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Circumcision does reduce risk of HIV, say researchers

Staff Reporter

Male circumcision definitely reduces the risk of HIV infection, researchers at the South African Cochrane Centre announced on Wednesday.

Male circumcision definitely reduces the risk of HIV infection, researchers at the South African Cochrane Centre announced on Wednesday.

The centre had previously held that there was not enough evidence to recommend circumcision as an intervention.

“Research on the effectiveness of male circumcision for preventing HIV in heterosexual men is conclusive,” said lead researcher Nandi Siegfried, co-director of the centre, which is located at the South African Medical Research Council.

“No further trials are required to establish that HIV infection rates are reduced in heterosexual men for at least the first two years after circumcision.”

She said policy makers could now consider using circumcision as an additional tool in HIV prevention programmes.

The Cochrane Collaboration is a highly respected international network of researchers that seeks to improve healthcare decision-making through systematic reviews of the effects of healthcare interventions such as circumcision.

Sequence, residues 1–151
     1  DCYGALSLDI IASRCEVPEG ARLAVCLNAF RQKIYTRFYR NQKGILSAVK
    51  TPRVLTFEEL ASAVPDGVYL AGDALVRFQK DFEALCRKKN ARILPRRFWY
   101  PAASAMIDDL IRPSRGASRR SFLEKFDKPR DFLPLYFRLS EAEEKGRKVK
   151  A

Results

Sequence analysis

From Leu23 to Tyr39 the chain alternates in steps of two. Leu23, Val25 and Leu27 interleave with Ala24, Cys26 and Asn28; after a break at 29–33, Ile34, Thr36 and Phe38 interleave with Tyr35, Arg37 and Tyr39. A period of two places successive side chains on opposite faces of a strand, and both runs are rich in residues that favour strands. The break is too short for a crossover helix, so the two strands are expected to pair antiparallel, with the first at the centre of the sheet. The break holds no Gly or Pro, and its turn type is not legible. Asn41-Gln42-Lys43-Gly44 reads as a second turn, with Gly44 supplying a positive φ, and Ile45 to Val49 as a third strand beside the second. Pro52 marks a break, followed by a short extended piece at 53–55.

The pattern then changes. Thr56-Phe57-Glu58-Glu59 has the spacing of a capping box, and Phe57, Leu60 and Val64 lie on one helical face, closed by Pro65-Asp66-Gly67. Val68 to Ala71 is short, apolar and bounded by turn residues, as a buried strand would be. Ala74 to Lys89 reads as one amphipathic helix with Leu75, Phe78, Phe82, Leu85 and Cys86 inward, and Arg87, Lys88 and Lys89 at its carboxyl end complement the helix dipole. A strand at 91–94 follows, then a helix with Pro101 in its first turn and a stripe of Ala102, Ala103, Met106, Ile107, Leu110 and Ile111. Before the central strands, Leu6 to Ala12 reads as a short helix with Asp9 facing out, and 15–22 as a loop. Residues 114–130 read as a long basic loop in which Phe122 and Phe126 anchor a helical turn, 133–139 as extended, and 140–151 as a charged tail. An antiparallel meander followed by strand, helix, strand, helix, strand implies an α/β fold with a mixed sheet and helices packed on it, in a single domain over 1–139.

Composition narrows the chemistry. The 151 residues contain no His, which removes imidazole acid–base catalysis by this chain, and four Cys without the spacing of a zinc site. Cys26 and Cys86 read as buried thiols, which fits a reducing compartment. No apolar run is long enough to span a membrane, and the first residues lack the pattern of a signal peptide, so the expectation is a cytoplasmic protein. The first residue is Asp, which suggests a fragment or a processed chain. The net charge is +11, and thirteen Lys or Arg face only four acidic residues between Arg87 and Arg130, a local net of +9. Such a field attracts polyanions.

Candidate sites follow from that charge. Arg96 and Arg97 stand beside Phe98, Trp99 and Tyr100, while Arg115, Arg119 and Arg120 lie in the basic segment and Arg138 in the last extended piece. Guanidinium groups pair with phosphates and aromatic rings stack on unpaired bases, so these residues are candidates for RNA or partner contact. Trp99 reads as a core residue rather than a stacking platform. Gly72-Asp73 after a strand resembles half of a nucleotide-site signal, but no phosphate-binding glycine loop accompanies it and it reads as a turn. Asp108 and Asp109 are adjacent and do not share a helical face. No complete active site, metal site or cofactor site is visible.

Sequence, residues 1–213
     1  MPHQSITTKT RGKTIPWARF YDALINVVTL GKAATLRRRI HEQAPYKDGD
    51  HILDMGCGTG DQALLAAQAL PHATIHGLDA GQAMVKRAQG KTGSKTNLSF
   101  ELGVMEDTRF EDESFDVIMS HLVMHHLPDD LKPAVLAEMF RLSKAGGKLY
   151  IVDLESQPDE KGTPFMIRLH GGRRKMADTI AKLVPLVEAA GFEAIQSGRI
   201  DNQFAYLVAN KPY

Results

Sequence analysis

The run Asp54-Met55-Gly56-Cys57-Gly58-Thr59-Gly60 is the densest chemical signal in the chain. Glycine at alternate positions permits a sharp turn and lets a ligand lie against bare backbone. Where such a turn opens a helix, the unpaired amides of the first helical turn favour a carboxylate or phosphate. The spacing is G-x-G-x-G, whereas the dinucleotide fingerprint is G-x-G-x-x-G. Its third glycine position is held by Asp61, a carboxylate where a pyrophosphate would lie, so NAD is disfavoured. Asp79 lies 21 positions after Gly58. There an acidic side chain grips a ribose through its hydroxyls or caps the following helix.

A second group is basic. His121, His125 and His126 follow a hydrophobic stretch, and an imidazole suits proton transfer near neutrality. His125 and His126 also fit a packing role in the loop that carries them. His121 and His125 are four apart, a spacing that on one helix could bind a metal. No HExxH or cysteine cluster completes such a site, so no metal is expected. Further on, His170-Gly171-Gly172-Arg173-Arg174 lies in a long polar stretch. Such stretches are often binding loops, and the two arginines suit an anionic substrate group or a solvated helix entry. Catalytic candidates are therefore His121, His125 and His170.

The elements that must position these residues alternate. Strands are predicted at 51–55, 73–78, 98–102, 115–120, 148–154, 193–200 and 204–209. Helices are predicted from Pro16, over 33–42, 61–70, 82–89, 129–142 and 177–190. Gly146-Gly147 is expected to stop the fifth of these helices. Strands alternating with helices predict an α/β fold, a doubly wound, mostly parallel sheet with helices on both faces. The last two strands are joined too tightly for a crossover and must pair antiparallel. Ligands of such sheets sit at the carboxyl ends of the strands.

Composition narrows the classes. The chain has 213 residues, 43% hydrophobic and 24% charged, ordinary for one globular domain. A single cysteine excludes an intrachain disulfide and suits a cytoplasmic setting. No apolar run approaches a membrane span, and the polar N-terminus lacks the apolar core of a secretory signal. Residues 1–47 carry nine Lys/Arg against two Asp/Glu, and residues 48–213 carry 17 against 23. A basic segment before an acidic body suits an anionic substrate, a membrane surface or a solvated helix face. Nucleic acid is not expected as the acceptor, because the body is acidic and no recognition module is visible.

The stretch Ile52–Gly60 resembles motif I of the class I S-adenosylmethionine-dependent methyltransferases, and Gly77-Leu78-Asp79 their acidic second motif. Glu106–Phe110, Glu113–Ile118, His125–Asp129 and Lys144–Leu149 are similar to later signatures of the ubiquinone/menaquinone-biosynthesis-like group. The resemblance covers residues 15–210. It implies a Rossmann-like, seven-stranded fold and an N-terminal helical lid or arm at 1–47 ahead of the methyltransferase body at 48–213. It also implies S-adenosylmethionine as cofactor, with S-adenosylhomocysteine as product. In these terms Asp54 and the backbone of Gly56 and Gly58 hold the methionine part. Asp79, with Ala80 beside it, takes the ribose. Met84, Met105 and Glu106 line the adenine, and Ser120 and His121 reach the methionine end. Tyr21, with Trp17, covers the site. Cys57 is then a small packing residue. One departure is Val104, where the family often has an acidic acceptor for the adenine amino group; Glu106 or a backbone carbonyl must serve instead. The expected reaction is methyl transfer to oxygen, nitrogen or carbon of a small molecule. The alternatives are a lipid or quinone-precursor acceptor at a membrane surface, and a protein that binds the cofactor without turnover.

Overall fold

Siegfried said three recent African trials supported the conclusion that circumcision reduced HIV risk.

“After including new data from these trials in their review, Cochrane researchers have changed their previous conclusions that there was insufficient evidence to recommend circumcision as an intervention to prevent HIV infection in heterosexual men.”

Previous studies had investigated the association between circumcision and HIV, but until now, Cochrane researchers had been unable to strongly recommend circumcision because of the lack of high quality evidence.

Siegfried said circumcision might help to protect against HIV by removing cells in the foreskin to which the virus was specifically attracted.

These Langerhans cells had receptors that enabled the virus to enter them.

The new clinical trials included in the review took place in South Africa, Uganda and Kenya between 2002 and 2006, and included a total of 11 054 men.

The results show that circumcision in heterosexual men reduced their risk of acquiring HIV by an average 54% over a two-year period, compared with uncircumcised men.

Further research was needed to establish whether male circumcision offered any benefit to women partners of those circumcised men or to homosexual men.

She warned that policy makers also needed to think about the culture and environment in which circumcision was carried out.—Sapa

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